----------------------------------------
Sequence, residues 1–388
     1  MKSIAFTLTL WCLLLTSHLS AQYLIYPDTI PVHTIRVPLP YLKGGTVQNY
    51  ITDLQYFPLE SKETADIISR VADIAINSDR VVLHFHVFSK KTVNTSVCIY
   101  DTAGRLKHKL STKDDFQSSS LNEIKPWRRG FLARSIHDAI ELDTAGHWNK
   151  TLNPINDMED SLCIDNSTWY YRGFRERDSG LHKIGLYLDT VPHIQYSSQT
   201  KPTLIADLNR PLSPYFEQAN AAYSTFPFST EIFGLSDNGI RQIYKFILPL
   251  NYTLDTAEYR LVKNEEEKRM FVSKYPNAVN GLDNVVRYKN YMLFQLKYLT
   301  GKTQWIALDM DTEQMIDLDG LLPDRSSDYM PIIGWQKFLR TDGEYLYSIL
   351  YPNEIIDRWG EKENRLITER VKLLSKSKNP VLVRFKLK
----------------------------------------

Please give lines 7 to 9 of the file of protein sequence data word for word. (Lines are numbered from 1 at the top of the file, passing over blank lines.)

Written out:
   251  NYTLDTAEYR LVKNEEEKRM FVSKYPNAVN GLDNVVRYKN YMLFQLKYLT
   301  GKTQWIALDM DTEQMIDLDG LLPDRSSDYM PIIGWQKFLR TDGEYLYSIL
   351  YPNEIIDRWG EKENRLITER VKLLSKSKNP VLVRFKLK